IASB issues guide on selecting and applying accounting policies

On 21 November 2019, the International Accounting Standards Board issued a Guide to Selecting and Applying Accounting Policies – IAS 8 (Guide). The Guide provides a step-by-step walk through of the requirements of the ‘hierarchy’ for selecting and applying accounting policies laid out in paragraphs 10-12 of IAS 8 Accounting Policies, Changes in Accounting Estimates and Errors.

The following flowchart has been extracted from the Guide and summarises the steps for selecting and applying accounting policies for a transaction, event or other condition (transaction).

Guide to Selecting and Applying Accounting Policies – IAS 8

Step one – Consider whether an IFRS standard specifically applies to the transaction

If there is an IFRS Standard (including Interpretations) that specifically applies to a transaction, other event or condition, the Guide notes that the requirements of that Standard are followed, even if those requirements do not align with the Conceptual Framework for Financial Reporting (Conceptual Framework).

The Guide illustrates this point by using two examples:

  1. How the timing for recognising a liability to pay a government levy is different if IFRIC 21 Levies (the specific standard) is applied, as compared to the Conceptual Framework, and
  2. How a financial instrument issued with a ‘dividend blocker’ (i.e. a term specifying that the entity cannot pay an ordinary dividend unless it has paid dividends of a specified amount to holders of the instrument), but no other obligations to pay cash, could be classified differently under IAS 32 (the specific standard), as compared to the Conceptual Framework.

Step two – Consider whether an IFRS standard deals with similar and related issues

Where there are no specific IFRS Standards dealing with a transaction, event or other condition, the Guide notes that the ‘hierarchy’ listed in paragraph 11 of IAS 8 requires preparers to consider IFRS Standards dealing with similar and related issues before consulting the Conceptual Framework for guidance.

The Guide uses an example of back-to-back commodity loans to illustrate this point.

When accounting policies are developed with reference to the requirements in IFRS Standards dealing with similar and related issues, preparers must use judgement and apply all aspects of the Standard that are related to the issue at hand.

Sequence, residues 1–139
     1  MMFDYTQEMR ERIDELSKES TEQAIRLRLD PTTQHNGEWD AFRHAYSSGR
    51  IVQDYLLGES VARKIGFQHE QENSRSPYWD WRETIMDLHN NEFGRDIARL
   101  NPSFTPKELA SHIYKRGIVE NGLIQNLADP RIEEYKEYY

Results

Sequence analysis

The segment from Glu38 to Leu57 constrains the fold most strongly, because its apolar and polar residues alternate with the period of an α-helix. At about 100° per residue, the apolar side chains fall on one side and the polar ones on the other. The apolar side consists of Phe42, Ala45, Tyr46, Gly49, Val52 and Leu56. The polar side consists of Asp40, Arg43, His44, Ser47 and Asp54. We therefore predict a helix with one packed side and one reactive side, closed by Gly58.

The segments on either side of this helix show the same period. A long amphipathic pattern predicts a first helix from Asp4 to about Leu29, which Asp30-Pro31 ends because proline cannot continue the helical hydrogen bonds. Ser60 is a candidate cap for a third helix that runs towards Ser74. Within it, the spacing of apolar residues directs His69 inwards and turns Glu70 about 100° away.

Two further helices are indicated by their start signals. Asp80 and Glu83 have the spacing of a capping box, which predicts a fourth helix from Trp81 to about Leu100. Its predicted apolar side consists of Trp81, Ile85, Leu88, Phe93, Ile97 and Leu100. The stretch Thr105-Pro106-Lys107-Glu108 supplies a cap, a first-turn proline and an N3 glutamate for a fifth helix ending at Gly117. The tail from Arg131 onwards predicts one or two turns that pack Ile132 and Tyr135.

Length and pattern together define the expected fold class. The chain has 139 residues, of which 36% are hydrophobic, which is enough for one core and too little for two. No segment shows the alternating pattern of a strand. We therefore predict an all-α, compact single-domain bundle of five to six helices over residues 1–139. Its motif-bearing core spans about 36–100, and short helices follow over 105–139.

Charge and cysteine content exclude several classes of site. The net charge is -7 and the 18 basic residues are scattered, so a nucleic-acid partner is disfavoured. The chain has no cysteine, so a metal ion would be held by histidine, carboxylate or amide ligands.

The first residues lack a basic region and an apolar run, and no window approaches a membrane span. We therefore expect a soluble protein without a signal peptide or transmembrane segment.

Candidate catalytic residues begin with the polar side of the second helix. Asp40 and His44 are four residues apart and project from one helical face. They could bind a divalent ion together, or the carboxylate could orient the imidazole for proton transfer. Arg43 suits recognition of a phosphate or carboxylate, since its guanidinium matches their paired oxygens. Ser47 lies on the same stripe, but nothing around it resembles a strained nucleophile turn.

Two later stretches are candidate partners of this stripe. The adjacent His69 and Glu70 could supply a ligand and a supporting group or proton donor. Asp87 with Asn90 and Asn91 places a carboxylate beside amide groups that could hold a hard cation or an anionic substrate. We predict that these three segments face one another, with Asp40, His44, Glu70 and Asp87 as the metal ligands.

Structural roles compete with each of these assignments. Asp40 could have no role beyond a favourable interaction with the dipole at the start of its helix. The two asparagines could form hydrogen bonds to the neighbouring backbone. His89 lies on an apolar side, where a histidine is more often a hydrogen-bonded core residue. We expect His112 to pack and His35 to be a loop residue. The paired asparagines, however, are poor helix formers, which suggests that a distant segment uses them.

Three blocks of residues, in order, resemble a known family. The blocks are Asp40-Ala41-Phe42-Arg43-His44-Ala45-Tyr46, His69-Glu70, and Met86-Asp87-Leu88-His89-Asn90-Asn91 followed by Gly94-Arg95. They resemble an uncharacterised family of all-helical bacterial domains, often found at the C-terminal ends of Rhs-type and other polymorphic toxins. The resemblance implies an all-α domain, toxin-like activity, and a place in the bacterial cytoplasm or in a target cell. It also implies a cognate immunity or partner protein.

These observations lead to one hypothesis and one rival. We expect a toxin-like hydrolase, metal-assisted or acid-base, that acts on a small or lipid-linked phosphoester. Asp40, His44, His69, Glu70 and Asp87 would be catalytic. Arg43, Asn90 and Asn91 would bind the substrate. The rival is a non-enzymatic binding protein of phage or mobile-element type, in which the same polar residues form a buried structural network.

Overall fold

Step three – Refer to and consider the applicability of the Conceptual Framework

The Conceptual Framework is only consulted if both of the following apply, i.e.:

  • There is no IFRS Standard that specifically applies to the transaction, event or other condition, and
  • There is no IFRS Standard that deals with similar and related issues.

The Guide uses an example of an entity that pays a tax deposit to a tax authority during a tax dispute to illustrate this point. If the outcome of the tax dispute is such that an additional payment is required by the entity, the tax deposit will be used to offset any additional tax liability. If the tax dispute settles in the entity’s favour, the entity will receive a refund from the tax authority. As there are no IFRS Standards that specifically apply to the transaction, nor dealing with similar and related issues, the entity refers to the Conceptual Framework in developing a policy to account for the tax deposit paid.

Other considerations

Recent pronouncements of other standard-setting bodies

In addition to the process outlined in the diagram above, the Guide notes that management is also permitted to consider the most recent pronouncements of other standard-setting bodies (e.g. US GAAP) when selecting and applying accounting policies, but only if all the following apply:

  • There is no IFRS Standard (or Interpretation) that applies specifically to the transaction, other event or condition
  • That other standard-setting body uses a similar conceptual framework to develop accounting standards, other accounting literature and accepted industry practices, and
  • These other sources do not conflict with the Conceptual Framework or with IFRS Standards dealing with similar or related issues.

Disclosures

The Guide highlights that if an entity develops an accounting policy by reference to IFRS Standards dealing with similar and related issues, they also need to consider all the requirements dealing with those issues, including the disclosure requirements.

Disclosure of these transactions is also necessary in order to meet the general presentation and disclosure requirements in IAS 1 Presentation of Financial Statements, including:

  • When relevant to an understanding of the entity’s financial position and performance, presenting additional line items in the statement of financial position and in the statement of profit or loss and other comprehensive income
  • Disclosing:
    • The nature and amount of material items of income and expense
    • Information relevant to a understanding of any of the financial statements
    • Significant accounting policies, and
    • Information about assumptions made about the future, and other major sources of estimation uncertainty.

Where to find the guide

The Guide can be downloaded from the International Accounting Standards Board web site.